Possible alien life found on comet, scientists say

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This single frame Rosetta navigation camera image of Comet 67P/Churyumov-Gerasimenko was taken on 23 June 2015 from a distance of 197 km from the comet centre.

CARDIFF, Wales — Data from one comet “unequivocally” points to alien life, some scientists believe. The possible life-bearing comet was made famous by Philae, which became the first spacecraft to land on a comet in November 2014.

Shortly after landing, European Space Agency’s Philae went into a seven-month hibernation, but woke up in June.

Chandra_Wickramasinghe

Professor Chandra Wickramasinghe

Astronomer and Astrobiologist Chandra Wickramasinghe and Dr. Max Wallis of Cardiff University believe alien life is on the comet that is 176.7 million miles from Earth.

“What we’re saying is that data coming from the comet seems to unequivocally, in my opinion, point to micro-organisms,” Wickramasinghe said, according to Sky News.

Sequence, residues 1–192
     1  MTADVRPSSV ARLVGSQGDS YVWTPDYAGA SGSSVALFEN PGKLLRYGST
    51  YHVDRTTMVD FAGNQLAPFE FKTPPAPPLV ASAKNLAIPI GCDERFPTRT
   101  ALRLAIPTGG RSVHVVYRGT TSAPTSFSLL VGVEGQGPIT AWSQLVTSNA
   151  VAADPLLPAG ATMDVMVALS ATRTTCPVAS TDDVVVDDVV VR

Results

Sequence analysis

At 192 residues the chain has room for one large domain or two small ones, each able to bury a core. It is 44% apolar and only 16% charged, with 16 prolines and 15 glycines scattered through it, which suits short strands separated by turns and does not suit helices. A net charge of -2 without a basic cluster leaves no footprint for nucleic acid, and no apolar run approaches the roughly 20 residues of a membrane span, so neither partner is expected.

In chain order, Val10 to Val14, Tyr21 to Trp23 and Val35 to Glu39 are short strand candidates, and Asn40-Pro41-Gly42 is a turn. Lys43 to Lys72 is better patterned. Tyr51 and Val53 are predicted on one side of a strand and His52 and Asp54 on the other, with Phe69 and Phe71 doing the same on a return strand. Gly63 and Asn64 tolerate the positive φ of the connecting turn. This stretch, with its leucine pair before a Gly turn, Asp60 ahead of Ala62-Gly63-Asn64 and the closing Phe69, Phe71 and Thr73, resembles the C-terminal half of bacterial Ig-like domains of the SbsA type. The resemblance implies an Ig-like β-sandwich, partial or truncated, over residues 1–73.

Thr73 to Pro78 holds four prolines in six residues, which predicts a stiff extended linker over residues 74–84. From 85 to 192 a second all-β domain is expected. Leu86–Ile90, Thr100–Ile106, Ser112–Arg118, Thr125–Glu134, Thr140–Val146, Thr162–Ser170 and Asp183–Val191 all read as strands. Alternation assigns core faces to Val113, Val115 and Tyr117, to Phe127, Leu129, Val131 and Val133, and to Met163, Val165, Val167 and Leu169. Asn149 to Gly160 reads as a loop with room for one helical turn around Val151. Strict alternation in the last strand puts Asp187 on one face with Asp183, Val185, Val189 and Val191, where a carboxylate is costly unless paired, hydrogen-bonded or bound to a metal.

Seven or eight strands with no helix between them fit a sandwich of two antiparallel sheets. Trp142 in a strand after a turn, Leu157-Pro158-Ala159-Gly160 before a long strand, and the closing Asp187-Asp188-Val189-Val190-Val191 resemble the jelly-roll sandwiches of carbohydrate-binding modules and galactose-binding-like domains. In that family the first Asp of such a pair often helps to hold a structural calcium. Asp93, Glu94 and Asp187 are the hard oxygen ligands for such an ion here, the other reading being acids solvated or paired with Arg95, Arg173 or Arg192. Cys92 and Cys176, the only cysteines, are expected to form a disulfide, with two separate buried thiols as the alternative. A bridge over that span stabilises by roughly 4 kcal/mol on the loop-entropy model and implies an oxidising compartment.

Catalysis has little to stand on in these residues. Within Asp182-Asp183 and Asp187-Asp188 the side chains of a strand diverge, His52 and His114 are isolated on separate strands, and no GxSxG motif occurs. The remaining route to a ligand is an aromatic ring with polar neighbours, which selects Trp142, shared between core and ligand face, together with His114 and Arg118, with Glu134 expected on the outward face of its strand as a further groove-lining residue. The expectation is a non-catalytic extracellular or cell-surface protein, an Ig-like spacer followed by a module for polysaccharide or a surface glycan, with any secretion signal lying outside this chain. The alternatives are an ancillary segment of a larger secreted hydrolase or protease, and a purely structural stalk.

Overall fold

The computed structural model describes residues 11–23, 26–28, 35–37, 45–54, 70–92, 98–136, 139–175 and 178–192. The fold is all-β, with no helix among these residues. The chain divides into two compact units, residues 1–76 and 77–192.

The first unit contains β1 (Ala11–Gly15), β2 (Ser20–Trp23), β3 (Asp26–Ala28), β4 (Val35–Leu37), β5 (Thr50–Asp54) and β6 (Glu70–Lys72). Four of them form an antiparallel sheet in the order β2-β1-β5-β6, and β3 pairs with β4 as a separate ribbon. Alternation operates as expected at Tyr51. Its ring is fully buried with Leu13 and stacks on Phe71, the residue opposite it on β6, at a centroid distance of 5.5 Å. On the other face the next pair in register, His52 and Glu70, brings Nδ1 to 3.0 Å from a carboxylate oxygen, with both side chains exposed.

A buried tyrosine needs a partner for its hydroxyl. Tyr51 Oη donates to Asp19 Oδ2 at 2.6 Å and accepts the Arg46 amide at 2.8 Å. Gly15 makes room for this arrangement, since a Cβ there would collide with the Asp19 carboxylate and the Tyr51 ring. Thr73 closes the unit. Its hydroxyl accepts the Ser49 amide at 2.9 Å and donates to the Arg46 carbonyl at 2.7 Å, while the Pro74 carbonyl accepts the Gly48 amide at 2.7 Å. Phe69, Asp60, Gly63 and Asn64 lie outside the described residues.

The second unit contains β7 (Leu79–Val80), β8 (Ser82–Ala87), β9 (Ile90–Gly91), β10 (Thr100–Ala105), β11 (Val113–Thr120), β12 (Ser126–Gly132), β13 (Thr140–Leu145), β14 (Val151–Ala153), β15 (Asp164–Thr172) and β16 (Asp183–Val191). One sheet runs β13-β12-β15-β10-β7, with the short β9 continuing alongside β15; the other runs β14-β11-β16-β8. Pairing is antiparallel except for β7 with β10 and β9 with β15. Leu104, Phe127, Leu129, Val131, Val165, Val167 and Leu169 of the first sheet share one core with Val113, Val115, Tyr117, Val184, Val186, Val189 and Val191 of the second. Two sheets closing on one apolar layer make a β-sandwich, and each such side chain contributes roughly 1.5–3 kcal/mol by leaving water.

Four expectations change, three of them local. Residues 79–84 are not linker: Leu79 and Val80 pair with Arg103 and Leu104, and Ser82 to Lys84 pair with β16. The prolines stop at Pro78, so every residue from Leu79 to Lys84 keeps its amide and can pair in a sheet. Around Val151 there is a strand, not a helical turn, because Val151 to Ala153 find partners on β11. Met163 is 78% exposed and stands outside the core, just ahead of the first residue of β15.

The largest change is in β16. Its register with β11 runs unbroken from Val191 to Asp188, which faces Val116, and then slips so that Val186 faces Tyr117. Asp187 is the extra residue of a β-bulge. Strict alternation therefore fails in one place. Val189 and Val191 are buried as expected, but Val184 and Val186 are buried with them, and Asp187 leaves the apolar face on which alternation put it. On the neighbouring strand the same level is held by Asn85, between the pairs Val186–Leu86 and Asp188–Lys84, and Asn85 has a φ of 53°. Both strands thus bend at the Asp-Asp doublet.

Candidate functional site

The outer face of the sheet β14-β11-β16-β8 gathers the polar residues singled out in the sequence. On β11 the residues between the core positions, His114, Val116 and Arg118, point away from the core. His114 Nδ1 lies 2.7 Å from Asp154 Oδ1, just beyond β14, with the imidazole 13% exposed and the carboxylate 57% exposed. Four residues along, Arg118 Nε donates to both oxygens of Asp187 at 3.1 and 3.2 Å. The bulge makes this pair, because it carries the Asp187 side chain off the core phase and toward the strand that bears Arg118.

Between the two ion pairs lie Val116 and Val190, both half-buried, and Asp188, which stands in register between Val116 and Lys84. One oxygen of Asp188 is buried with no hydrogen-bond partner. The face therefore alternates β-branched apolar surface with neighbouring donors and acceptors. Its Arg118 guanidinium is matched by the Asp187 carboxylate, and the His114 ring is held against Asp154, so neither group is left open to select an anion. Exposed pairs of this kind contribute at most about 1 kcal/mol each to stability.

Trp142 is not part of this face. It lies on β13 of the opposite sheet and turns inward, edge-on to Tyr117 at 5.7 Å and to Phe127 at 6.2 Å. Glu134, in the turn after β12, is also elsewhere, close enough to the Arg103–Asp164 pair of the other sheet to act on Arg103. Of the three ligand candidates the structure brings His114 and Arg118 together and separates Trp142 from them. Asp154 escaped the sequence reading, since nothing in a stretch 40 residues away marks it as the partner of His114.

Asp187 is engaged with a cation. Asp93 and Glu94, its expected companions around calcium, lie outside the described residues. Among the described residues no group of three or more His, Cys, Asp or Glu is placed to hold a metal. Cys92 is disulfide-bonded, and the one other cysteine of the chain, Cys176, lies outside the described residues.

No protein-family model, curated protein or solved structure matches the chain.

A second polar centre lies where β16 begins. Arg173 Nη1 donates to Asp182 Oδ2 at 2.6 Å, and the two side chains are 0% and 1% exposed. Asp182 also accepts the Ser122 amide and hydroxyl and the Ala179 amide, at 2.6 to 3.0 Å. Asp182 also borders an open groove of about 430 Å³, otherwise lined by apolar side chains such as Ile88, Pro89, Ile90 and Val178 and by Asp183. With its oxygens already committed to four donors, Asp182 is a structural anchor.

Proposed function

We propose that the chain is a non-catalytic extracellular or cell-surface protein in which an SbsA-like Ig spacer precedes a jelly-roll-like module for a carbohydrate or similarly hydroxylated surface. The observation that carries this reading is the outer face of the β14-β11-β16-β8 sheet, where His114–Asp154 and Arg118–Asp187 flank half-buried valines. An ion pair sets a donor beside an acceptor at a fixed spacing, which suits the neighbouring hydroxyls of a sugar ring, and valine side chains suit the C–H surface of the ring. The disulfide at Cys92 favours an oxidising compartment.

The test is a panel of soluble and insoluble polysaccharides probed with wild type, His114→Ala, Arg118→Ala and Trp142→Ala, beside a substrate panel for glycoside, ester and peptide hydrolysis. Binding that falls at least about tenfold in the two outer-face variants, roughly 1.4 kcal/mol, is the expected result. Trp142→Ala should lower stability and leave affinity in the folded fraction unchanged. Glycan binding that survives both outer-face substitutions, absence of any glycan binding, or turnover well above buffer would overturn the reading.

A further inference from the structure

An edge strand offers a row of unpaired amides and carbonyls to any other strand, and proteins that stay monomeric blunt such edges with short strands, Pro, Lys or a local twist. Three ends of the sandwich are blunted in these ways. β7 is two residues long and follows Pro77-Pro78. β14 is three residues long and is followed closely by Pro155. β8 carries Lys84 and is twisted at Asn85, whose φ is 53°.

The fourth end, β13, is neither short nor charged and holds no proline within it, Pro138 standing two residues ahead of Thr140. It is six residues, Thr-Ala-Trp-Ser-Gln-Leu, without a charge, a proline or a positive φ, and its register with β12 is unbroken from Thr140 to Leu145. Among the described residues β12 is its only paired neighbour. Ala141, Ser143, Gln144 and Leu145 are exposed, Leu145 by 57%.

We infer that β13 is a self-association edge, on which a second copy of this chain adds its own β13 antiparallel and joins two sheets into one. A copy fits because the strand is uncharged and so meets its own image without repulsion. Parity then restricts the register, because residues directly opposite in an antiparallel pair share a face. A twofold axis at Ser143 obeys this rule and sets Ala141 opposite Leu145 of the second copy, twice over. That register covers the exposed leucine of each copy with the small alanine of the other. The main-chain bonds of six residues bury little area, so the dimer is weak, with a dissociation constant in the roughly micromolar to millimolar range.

While Wickramasinghe’s “findings” are being reported by several mainstream media outlets. There are questions about his credibility. He has previously reported that he discovered life in space.

He has also suggested that the SARS virus came to Earth from space. Many scientists have not accepted his revolutionary discoveries as science.

“Five hundred years ago it was a struggle to have people accept that the Earth was not the centre of the universe. After that revolution our thinking has remained Earth-centred in relation to life and biology,” Wickramasinghe said.

Here’s the problem with proving his theory correct: Philae is not equipped to search for direct evidence of life. Wickramasinghe proposed detection equipment during the planning process to land on Comet 67P/Churyumov-Gerasimenko 15 years ago.

“I wanted to include a very inexpensive life-detection experiment. At the time it was thought this was a bizarre proposition,” Wickramasinghe said.

Is it still a bizarre proposition? Reaction on social media has been mixed:

In November Philae conducted experiments and sent data to Earth for about 60 hours before its batteries were depleted and it was forced to shut down its systems. But in June it woke up and sent about 300 packages of data to Earth via its mother ship Rosetta, which is orbiting the comet.

The Associated Press contributed to this report.

 

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